..........

AIMED Point Shooting does not happen by magic. However it is very simple to learn, and requires little if any training.

Here is a picture of the targets that show hits made. I fired five times at each target in less than 3 seconds of the 5 second length of the clips, and hit each target four times. Also, because the targets were 9 1/2 inches wide, it is more than likely that the fifth shot would have struck a wider and human sized target. Also, I had never shot under the watchful eye of a camera before, and I had a film crew of just one, me. So, I was nervous and felt I was very lucky to do as good as I did, including getting some useable video footage.

sigtarg


As to my accuracy and speed in my "at the range" test, I do not shoot often at the range and I am not a competition shooter, so don't expect dime to quarter sized groups, or fraction of a second splits.

To me, target hits count. I also believe that practice can improve performance, and that my performance could improve with practice.

When I go to the range every three or four months, I use a rental gun, and fire two boxes of bullets. 100 total.

I am in a "catch 22" kind of place.

If I was to shoot often and lots of rounds, or used a tricked out gun with porting, or used low power rounds, I most likely would get more "professional" looking groups. But, then I would be criticized for being a "ringer".

I use airsoft for home practice, so I do practice but certainly but way way less than a professional competitor or operator would.

Some laugh at my groups on my targets posted on the web. They say "Looking at your targets, anyone who ever picked up a gun could beat you easily." ha ha ha - or words to that affect.

Well, I am not shooting for precision, just to put rounds in a man sized threat at close quarters distances, fast and without reliance on the sights or traditional must-be-met marksmanship requirements. And my targets say that I can do that, and consistently.

Your targets will tell you how you are doing. No instructor's or guru's approval is required.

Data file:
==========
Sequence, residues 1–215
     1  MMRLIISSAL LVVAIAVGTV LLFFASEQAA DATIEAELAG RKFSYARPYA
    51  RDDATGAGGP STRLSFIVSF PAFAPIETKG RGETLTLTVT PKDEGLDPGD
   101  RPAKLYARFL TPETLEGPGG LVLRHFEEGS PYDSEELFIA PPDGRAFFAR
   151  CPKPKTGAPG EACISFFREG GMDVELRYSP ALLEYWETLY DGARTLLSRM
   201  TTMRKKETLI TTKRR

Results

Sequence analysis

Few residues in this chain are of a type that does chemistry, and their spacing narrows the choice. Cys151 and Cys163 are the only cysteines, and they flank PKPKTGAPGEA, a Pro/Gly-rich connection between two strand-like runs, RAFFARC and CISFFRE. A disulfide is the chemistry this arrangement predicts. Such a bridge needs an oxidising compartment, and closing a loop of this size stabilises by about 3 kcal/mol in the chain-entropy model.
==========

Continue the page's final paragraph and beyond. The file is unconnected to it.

P&S can be used with most hand held weapons, and P&S works when one is moving and shooting, and it also works when the target is moving.

Here is a link to a video of P&S being used WHILE MOVING.

Here is a link to other videos of P&S being used WHILE MOVING.

And here is a link to some tests made SHOOTING AT A MOVING TARGET. See the bottom portion of the page.

This link is to a video of me SHOOTING AT AERIALS (empty pop cans tossed up in the air). It is a real challenge.

When shooting aerials, you certainly will have no time or opportunity to use traditional Sight Shooting or other Point Shooting methods.

Those methods depend on body positioning, a specific stance, a specific grip, arm and/or hand indexing, trigger squeezing, and cognitive hand eye coordinated tasks such as aligning the sights, or focusing or placing the gun muzzle on a specific point of aim.

In a life or death, high stress close quarters situation, one may not be able to get into the "proper" body position or stance, or think fast and clearly. Also, per the literature, fine motor skills, which are necessary for Sight Shooting, will be lost to use in most all real close quarter life threat situations.

As such, Point Shooting and in particular AIMED Point shooting or P&S, can improve your chance of defeating a threat and staying alive by helping you get on target fast, automatically, instinctively, and accurately for your first shot, and every shot.

To not use P&S, will effectively surrender your instinctive ability to point fast, automatically and accurately at targets, to a threat who is trying to kill you. And that makes no sense to me.

Use your go back button to return to the prior page, or click here for more info on P&S.